The New Yorker's Casey N. Cep on the "allure of the map", a form of storytelling in its own right.
Writers love maps: collecting them, creating them, and describing them. Literary cartography includes not only the literal maps that authors commission or make themselves but also the geographies they describe. The visual display of quantitative information in the digital age has made charts and maps more popular than ever, though every graphic, like every story, has a point of view.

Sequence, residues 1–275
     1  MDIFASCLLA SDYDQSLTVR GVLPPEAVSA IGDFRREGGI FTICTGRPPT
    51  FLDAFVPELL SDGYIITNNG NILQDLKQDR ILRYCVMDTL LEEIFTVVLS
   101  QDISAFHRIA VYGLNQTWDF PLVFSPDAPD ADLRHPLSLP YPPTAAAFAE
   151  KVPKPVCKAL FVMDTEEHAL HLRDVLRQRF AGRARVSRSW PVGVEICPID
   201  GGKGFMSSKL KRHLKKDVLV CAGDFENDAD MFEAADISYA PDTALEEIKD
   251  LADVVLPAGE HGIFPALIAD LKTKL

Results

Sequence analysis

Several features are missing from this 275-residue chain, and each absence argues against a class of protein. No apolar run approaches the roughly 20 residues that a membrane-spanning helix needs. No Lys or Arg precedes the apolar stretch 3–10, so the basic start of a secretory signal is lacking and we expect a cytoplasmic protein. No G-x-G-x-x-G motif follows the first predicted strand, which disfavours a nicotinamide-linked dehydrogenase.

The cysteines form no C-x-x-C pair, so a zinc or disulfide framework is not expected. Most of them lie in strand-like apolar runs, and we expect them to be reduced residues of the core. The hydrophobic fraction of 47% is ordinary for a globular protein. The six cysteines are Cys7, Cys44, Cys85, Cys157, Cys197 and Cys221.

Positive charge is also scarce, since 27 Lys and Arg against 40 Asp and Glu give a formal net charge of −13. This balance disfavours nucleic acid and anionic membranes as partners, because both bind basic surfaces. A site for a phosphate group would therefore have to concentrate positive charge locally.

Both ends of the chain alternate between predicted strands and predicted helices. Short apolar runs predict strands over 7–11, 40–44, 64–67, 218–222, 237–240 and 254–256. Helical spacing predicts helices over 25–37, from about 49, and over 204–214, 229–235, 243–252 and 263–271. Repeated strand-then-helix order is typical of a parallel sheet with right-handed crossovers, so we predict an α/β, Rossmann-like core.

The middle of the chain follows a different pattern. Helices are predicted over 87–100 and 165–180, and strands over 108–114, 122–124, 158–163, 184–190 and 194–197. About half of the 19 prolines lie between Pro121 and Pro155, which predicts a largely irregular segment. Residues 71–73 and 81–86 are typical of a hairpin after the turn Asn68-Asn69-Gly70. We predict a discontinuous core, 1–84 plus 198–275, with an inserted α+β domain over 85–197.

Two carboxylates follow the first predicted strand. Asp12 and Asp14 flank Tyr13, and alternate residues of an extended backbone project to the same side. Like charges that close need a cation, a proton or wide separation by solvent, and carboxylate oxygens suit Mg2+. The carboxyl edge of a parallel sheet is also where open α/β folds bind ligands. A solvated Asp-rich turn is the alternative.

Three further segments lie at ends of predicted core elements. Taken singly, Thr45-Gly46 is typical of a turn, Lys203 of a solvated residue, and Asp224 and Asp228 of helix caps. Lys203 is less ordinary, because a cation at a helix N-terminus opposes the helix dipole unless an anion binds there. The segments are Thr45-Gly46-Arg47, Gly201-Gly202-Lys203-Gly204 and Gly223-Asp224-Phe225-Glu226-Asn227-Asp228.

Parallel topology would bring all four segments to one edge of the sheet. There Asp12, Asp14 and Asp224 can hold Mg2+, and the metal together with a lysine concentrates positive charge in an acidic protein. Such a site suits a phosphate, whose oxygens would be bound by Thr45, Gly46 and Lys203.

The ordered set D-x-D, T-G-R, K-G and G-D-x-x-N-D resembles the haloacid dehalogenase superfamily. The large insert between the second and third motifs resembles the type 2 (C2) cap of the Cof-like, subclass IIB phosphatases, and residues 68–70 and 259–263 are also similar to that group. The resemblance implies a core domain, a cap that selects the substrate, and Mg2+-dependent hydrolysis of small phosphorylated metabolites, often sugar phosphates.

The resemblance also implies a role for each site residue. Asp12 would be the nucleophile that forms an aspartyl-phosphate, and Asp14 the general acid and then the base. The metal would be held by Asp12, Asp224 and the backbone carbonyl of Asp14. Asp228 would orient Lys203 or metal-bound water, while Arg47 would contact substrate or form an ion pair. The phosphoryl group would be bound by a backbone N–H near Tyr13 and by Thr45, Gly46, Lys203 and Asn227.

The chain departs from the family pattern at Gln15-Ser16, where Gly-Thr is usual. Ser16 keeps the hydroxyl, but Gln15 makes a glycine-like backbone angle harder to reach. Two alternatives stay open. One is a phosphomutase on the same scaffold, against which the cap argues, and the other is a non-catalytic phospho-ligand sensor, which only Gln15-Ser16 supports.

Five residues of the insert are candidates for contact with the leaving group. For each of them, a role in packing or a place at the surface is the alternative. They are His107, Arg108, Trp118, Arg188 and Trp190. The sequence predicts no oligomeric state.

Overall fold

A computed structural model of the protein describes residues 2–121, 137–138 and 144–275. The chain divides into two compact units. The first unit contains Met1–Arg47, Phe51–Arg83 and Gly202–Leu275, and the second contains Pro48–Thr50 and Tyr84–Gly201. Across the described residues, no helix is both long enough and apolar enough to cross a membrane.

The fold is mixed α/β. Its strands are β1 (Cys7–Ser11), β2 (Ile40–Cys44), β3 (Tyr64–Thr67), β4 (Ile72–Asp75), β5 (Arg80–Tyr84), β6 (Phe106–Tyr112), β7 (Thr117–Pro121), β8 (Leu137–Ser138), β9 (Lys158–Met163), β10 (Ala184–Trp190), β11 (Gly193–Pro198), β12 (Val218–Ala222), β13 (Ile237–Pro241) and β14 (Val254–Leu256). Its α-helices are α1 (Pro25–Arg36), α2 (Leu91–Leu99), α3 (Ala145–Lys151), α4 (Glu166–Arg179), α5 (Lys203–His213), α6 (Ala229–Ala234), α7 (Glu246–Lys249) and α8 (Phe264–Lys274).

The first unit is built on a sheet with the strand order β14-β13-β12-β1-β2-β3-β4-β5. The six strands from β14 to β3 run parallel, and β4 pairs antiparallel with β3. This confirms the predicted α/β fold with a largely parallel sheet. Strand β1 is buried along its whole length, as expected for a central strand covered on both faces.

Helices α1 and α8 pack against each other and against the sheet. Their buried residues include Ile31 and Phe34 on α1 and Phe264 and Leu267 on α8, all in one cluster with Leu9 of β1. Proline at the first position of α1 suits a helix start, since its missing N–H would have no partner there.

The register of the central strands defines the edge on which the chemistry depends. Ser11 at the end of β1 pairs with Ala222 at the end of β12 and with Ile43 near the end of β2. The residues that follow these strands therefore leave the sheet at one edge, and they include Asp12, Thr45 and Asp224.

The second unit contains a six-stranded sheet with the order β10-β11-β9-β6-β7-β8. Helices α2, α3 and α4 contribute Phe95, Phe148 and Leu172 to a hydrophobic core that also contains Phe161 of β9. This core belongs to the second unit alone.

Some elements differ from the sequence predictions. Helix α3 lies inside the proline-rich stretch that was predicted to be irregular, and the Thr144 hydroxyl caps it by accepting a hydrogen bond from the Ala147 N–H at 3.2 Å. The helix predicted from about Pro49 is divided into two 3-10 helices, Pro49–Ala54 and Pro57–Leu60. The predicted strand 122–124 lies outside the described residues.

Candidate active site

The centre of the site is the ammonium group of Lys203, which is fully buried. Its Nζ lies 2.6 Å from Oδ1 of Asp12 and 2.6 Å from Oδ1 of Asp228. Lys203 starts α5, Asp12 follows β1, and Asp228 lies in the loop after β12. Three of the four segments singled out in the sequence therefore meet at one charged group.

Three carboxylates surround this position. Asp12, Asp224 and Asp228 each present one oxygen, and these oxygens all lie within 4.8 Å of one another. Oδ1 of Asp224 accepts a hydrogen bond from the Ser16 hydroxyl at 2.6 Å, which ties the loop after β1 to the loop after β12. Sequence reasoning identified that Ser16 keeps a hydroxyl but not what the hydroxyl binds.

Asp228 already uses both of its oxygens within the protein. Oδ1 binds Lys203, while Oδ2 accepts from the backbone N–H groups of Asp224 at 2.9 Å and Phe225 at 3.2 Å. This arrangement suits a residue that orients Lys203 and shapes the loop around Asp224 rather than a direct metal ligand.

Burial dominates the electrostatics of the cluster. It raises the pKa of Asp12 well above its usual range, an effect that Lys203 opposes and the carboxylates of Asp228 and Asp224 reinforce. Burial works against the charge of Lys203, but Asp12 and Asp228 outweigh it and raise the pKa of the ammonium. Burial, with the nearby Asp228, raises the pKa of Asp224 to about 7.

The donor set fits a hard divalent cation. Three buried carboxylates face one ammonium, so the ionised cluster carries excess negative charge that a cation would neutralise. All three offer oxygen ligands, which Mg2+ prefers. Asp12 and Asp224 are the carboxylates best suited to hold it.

Did you know that Ursula Le Guin's Earthsea was inspired by its own map? A favorite example of mine is Titan (from the UK's Fighting Fantasy series), which would be among the more forgettable fantasy worlds were it not for the wonderfully evocative maps that came with the literature. Above, Port Blacksand, the City of Thieves.
Previously: Fantasy maps are awesome